According to NBTC, the international Internet gateway bandwidth in Thailand has been more than 10Tbps as of the end of 2019.
The majority of Thailand international bandwidth rans to either Singapore or Hong Kong via various submarine cable systems. Thailand also connects neighboring countries with cross-border terrestrial cable systems.
There are now 8 international submarine cable systems landing in Thailand, and two new cables under construction:
CAT is the leading operator for international submarine cable sytems in Thailand, being the landing party in Thailand for FEA, SMW3, SMW4, AAG, APG, TIS and ADC, owns and operates five submarine cable landing stations including
TOT is the landing party in Thailand for AAE-1 and operates cable landing stations in Satun and Songkhla.
Sympony is a member of the Malaysia-Cambodia-Thailand (MCT) cable system, owns and operates the Maolee Cable Landing Station.
TRUE Corporation has invested in SJC2 cable system which is expected to be completed in 2022.
The SEA-ME-WE 3 (SMW3) is currently the only international submarine cable system reaching Myanmar, landing at the Pyapon Cable Landing Station in Myanmar.
Brunei Darussalam is shaping up as a bandwidth transit hub for the Bornean States of Sabah, Sarawak and Kalimantan. Terrestrial fibre optic cables connect these Bornean States to Brunei cable landing stations which then provide direct connectivity to 9 international destinations, namely Singapore, Hong Kong, Malaysia, Thailand, Vietnam, Philippines, Japan, China and USA.
The Authority for Info-communications Technology Industry (AITI) facilitates the deployment of telecommunication infrastructure and services, including submarine cables, in Brunei. An Infrastructure Provider for the Telecommunication Industry (InTi) is required to deploy a submarine cable system into Brunei.
As of January 2020, Brunei Darussalam is connected to 4 active submarine cable systems, with a potential bandwidth capacity of 10 Tbps. These 4 submarine cable systems are landed in two cable landing sites in Brunei, namely the Tungku landing site and the Telisai landing site.
There are currently two cable landing stations:
There are now four submarine cables connecting Brunei:
Riding on the strong growth in IP-based traffic, Brunei has successfully lighted up 10 Tbps of international capacity to fuel bandwidth demand.
Brunei’s geographical location with no history of natural disasters like typhoons and earthquakes, and substantially lower power costs, presented the sultanate with added advantages as a connectivity and transit hub for the underserved regions of Borneo Island and the BIMP-EAGA (Brunei Indonesia Malaysia Philippines East Asia Growth Area)
Brunei is connected Sabah and Sarawak of Malaysia and the West Kalimantan Province of Indonesia with terrestrial connectivity via the border crossing of Sungai Tujoh, and with commercial traffic of 1 Tbps.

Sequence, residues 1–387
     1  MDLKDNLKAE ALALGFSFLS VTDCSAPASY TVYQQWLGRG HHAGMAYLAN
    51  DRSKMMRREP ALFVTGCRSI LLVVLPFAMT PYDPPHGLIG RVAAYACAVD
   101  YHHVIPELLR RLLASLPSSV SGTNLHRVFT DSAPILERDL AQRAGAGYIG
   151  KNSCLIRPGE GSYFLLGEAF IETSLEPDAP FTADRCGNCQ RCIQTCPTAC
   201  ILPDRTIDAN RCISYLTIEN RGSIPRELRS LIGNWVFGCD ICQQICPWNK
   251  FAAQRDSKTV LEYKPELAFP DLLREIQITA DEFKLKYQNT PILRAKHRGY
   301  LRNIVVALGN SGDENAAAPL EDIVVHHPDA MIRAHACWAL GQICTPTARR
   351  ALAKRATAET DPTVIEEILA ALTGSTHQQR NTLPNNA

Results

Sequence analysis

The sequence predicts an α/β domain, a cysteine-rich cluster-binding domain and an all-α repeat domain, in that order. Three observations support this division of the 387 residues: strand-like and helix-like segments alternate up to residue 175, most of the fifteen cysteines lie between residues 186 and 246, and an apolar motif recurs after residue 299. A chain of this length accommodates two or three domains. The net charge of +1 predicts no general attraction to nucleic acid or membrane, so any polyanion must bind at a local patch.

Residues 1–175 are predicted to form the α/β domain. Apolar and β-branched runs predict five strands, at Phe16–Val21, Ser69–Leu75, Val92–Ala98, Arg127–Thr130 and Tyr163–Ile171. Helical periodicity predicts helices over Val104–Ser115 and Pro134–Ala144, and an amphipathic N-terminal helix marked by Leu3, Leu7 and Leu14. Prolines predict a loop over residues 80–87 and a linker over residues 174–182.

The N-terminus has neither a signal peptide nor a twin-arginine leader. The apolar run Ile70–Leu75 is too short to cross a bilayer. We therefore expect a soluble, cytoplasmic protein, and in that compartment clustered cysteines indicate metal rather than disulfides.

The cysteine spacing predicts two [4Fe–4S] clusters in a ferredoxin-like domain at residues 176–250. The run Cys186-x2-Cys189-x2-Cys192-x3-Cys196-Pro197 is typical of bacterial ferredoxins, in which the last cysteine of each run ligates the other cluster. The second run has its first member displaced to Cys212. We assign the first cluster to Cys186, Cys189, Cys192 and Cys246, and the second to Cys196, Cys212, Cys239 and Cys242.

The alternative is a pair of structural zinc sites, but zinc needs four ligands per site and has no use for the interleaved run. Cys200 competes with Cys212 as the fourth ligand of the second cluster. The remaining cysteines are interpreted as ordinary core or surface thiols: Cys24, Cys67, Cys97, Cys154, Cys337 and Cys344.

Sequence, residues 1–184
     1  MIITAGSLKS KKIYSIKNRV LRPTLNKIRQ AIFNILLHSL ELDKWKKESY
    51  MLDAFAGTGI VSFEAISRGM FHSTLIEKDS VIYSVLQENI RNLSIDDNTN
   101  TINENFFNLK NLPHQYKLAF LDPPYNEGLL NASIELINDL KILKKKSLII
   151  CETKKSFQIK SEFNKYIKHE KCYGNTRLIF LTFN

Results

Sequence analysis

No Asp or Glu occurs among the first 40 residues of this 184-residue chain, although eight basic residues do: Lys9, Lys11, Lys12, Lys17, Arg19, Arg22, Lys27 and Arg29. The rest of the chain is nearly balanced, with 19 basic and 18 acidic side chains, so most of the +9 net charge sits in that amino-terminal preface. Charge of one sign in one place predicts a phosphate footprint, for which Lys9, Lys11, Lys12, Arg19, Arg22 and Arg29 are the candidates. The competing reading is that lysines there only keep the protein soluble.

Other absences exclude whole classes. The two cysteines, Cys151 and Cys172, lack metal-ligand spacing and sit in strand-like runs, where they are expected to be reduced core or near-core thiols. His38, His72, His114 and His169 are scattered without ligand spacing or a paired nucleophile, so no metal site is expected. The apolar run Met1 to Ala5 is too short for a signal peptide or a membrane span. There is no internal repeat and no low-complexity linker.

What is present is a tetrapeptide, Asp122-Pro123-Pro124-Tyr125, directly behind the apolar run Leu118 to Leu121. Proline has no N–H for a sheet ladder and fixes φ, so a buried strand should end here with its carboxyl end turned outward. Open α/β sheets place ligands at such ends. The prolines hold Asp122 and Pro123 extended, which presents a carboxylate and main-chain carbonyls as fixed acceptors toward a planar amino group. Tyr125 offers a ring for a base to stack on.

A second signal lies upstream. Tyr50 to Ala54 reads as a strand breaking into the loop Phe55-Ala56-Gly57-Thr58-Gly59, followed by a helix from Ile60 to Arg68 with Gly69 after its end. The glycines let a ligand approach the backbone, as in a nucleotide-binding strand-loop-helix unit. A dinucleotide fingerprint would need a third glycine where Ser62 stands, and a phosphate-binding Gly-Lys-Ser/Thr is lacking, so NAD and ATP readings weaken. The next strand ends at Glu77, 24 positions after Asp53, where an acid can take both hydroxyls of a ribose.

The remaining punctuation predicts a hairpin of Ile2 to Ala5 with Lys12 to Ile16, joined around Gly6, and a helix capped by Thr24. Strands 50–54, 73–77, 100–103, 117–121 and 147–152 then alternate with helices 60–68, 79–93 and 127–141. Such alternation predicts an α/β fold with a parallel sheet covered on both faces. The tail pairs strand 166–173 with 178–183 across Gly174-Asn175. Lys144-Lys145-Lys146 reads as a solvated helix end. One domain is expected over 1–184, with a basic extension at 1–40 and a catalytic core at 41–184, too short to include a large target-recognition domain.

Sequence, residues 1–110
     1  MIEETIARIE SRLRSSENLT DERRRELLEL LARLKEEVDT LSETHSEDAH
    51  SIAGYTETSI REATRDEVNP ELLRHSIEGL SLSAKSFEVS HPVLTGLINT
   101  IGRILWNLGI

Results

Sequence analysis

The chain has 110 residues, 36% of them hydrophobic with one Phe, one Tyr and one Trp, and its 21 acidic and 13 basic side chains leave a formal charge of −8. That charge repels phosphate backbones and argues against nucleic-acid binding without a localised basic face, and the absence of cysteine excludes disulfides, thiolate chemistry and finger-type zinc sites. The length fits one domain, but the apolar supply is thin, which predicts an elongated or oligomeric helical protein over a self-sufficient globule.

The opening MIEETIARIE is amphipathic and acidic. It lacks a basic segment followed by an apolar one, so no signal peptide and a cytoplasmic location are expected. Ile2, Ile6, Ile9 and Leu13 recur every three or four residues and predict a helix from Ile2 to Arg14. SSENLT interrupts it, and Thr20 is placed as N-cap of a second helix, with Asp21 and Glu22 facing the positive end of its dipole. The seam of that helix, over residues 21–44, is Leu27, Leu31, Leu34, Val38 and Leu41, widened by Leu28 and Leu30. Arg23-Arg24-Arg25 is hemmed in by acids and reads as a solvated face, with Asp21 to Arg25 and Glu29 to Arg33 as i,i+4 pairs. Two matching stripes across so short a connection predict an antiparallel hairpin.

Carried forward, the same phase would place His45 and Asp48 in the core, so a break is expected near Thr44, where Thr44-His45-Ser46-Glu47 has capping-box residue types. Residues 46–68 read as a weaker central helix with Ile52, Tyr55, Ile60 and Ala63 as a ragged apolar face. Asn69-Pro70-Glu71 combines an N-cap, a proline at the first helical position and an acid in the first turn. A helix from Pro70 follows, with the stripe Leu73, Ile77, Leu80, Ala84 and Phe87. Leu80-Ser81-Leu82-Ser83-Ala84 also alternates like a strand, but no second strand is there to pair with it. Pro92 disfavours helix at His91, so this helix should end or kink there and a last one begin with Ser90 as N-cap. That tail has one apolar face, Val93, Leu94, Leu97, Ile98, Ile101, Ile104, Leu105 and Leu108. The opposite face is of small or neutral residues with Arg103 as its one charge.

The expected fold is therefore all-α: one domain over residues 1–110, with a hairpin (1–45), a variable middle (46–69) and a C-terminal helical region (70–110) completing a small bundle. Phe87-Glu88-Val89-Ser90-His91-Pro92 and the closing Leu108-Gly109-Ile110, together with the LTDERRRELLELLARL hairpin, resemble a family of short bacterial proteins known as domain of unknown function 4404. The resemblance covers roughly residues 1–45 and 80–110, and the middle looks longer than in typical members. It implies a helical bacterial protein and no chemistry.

There are two cable landing stations in Sri Lanka, the Mount Lavinia Cable Landing Stations for SMW3 and BLCS cable systems, and the Colombo Cable Landing Station for FALCON, SEA-ME-WE-4,SLT-Dhiraagu and SAFE cable systems.
Both SMW4 and SMW5 are built and owned by Bangladesh Submarine Cable Company (BSCCL) .
Mango, the only private sector international internet gateway (IIG) operator of Bangladesh, is connected to the global internet using the SEA-ME-WE 4 submarine cable system. Mango won its license through an open auction from Bangladesh Telecommunication Regulatory Commission (BTRC) on February 25, 2008.
The Bangladesh Telecommunications Regulatory Commission (BTRC) issued draft licensing guidelines for two new submarine cable licences in early 2010. Each licensee should build a separate landing station within the general area of Khula-Patuakhali-Barisal-Chittagong, and should provide access, co-location and landing facilities to other submarine cable licensees, as and when required by the BTRC.
Besides the international submarine communication cable connecting Bangladesh, there are three terrestrial cables on India-Bangladesh boarders in Jessore, Sylhet-Comilla and Kurigram which may also bring Bangladesh into the global communication network.
The Kingdom of Saudi Arabia’s position at the heart of the Middle East and is a hub in the submarine networks in Middle East region.
There are now 13 in-service submarine cable systems connecting Saudi Arabia, namely:
There are no new submarine cable systems under construction or planning. However , there are expectations of new submarine cables announcements in the year 2019 due high bandwidth demand & route diversity.
Jeddah Landing Station, Al Khobar Landing Station and Yanbu Landing Station are connected to each other through completed redundant terrestrial network.
As most of the existing submarine cables are landed at Jeddah due to easy onward connectivity from Asia to Egypt & Europe. There are advantages in having additional cables landed in new pieces of land elsewhere. As an example, SE-ME-WE-5 cable landed in Yanbu. Yanbu was selected as a SE-ME-WE-5 landing site for ease of connections to capital city Riyadh and Jeddah, as well as the fact that the seabed off its shore is very favorable for submerging the marine cable and could offer the necessary physical diversity.
Contributed by Abdul Ravoof